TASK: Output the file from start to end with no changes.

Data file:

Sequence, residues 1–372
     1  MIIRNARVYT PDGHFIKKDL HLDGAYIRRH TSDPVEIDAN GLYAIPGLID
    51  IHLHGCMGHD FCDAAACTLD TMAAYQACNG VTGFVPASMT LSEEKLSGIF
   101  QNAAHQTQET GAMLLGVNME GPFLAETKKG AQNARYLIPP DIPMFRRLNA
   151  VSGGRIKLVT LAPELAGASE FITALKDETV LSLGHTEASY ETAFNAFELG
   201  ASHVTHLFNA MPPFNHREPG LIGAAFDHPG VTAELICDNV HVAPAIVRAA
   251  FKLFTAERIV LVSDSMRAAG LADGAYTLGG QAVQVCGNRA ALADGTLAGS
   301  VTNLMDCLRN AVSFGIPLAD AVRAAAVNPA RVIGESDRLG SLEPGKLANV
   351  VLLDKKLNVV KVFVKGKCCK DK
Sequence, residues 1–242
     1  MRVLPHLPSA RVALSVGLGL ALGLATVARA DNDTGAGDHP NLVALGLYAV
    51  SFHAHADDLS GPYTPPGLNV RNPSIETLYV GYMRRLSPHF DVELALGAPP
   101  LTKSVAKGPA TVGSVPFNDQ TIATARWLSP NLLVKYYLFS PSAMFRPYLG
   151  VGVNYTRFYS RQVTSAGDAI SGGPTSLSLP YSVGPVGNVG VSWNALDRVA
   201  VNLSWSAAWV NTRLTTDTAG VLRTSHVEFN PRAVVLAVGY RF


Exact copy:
Sequence, residues 1–372
     1  MIIRNARVYT PDGHFIKKDL HLDGAYIRRH TSDPVEIDAN GLYAIPGLID
    51  IHLHGCMGHD FCDAAACTLD TMAAYQACNG VTGFVPASMT LSEEKLSGIF
   101  QNAAHQTQET GAMLLGVNME GPFLAETKKG AQNARYLIPP DIPMFRRLNA
   151  VSGGRIKLVT LAPELAGASE FITALKDETV LSLGHTEASY ETAFNAFELG
   201  ASHVTHLFNA MPPFNHREPG LIGAAFDHPG VTAELICDNV HVAPAIVRAA
   251  FKLFTAERIV LVSDSMRAAG LADGAYTLGG QAVQVCGNRA ALADGTLAGS
   301  VTNLMDCLRN AVSFGIPLAD AVRAAAVNPA RVIGESDRLG SLEPGKLANV
   351  VLLDKKLNVV KVFVKGKCCK DK
Sequence, residues 1–242
     1  MRVLPHLPSA RVALSVGLGL ALGLATVARA DNDTGAGDHP NLVALGLYAV
    51  SFHAHADDLS GPYTPPGLNV RNPSIETLYV GYMRRLSPHF DVELALGAPP
   101  LTKSVAKGPA TVGSVPFNDQ TIATARWLSP NLLVKYYLFS PSAMFRPYLG
   151  VGVNYTRFYS RQVTSAGDAI SGGPTSLSLP YSVGPVGNVG VSWNALDRVA
   201  VNLSWSAAWV NTRLTTDTAG VLRTSHVEFN PRAVVLAVGY RF